So despite having known these people for all of two hours (during which I said maybe three words to any of the club members), I somehow trusted them enough to get kind of excited for Friday nights. I signed up to be a player in a long campaign over the course of the semester.
In order to participate, I needed my own set of dice. The Dungeon Master (the person who runs the game) pointed me toward China’s infamous online marketplace, Taobao. You can buy just about anything from Taobao: One friend bought a $20 prom dress; another bought a desk for less than 50 bucks. And so I bought my first pair of Dungeons & Dragons dice for 8 yuan, or about $1.16.
For the uninitiated: Dungeons & Dragons is based a lot around group storytelling. In order for an individual player to participate in the story, the success of their actions is determined by various dice rolls. The lowest you can roll is a 1, which signifies total failure; the highest is a 20, which means complete success.
At the start of my first game I stayed entirely passive, deferring to the rest of the party to decide what plan of action was appropriate. I felt unreasonably nervous at the prospect of having any of my actions affecting anything tangible in any way. I wondered why, as someone who tried the first 18 years of their life to stay as invisible as possible, I thought I could succeed at a game that was meant for people who were comfortable in how loud they were.
I could’ve easily just coasted through my first session without doing much of anything except that the DM, who either sensed how nervous I was or just needed someone to target, singled me out with a choice: a group of bandits approaches you with weapons raised. What do you do?
With my first-ever roll, I tried to persuade the thieves to put their weapons down. I rolled a 17, which meant they lowered their crossbows.
Since the party didn’t immediately ostracize me for daring to make a choice in the game, I gained a little more confidence in rolling for simple actions: fighting enemies, talking to shopkeepers.
The thing was, I kept getting high rolls, like 16, 17, and 18, and so I easily succeeded in whatever I wanted to do. The more I had to roll, the more I was willing to try more and more impulsive stuff — I felt the party watching me, watching as I laughed when I succeeded at something stupid, watching as I started to do funny voices when I had to impersonate a guard, and I didn’t feel scared at all.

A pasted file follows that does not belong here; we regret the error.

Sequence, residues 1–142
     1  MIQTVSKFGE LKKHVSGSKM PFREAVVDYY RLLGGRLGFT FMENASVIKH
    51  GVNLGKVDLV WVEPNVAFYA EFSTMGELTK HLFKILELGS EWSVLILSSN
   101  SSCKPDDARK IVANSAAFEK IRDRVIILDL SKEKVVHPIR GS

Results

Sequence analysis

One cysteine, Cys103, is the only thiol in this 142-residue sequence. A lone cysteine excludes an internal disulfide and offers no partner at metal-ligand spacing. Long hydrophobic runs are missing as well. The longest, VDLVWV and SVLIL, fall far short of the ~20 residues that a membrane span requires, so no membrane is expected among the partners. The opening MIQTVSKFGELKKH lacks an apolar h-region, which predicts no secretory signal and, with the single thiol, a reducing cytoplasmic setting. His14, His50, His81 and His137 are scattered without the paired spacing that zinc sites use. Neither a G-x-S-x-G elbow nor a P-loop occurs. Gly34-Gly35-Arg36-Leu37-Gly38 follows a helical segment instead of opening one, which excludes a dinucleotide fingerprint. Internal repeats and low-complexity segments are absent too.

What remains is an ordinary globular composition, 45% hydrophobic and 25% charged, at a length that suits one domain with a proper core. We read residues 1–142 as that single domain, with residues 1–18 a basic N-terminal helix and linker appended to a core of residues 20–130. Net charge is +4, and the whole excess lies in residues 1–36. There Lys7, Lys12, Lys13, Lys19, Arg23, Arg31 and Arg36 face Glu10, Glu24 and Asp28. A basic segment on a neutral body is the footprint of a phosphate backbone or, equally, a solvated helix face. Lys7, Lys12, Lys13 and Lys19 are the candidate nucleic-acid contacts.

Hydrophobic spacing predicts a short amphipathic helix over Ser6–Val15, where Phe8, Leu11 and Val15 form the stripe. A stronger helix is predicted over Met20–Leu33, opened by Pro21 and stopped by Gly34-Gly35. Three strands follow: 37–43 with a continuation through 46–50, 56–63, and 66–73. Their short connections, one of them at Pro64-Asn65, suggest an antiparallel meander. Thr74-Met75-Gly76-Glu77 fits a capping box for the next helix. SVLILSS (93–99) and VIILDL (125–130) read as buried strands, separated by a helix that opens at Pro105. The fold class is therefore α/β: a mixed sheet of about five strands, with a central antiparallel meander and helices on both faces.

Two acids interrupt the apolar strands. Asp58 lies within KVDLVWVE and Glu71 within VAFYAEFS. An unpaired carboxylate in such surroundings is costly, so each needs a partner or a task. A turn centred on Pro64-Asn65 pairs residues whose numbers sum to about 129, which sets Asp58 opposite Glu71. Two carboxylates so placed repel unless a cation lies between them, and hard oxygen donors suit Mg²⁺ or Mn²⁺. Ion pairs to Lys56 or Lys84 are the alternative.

It wasn’t until the game was nearing its end, when I made yet another ridiculously high roll, that the DM finally said: “Wait, Jessica, do you have loaded dice?”
Having now played with and owned a number of different dice, I know that it should’ve been easy to tell: The die in question was slightly weighted and when I rolled it would bounce on the desk in a predictable pattern, almost as if it was cut in a certain way to ensure it fell on a high number. While a 20-sided die is a little harder to balance compared to a normal six-sided one, to any experienced player the controlled way my dice rolled should’ve been immediately obvious.
It wasn’t the DM’s fault for not noticing earlier; it was her first game as DM. And that was what was so wonderful about the group: It was a bunch of clueless newbies who were all just excited to play. Here we were, with our colorful dice, our geeky maps and boards, in a classroom in which there were floor-to-ceiling windows facing the hallway, and we would cheer when players rolled well and laugh uproariously loud when someone rolled badly.
My group just laughed along when they realized what had happened. The DM gave me a new pair of dice that let me roll a number below 16, and we continued.
I didn’t even have it in me to be embarrassed, because by the end of the game, and in the many after that, I got so used to throwing caution, thinking, and esteem to the wind. I would do dorky voices for my characters. I would invent elaborate backstories and work with these people — at first awkward strangers, then great friends — to pull off elaborate heists.
When I was 13 I loved and hated so passionately in both directions that they became mixed up into each other. Even now, I can’t look back on the stuff I wrote or liked when I was a teenager because it just reminds me how sad I was. For a long time I thought my enthusiasm for things meant I would draw hatred from somewhere: from the internet, from the people around me, or from deep within myself.
Although I’ve been a part of many D&D sessions since then, I still look back on the first campaign I ever played. I’ve owned at least five different sets of dice since then, but I still unconsciously feel the weight of that first pair in my hand, reminding me of the good I can create.
Jessica Xing is a writer based in NYC, with bylines at Electric Literature and EGMNOW.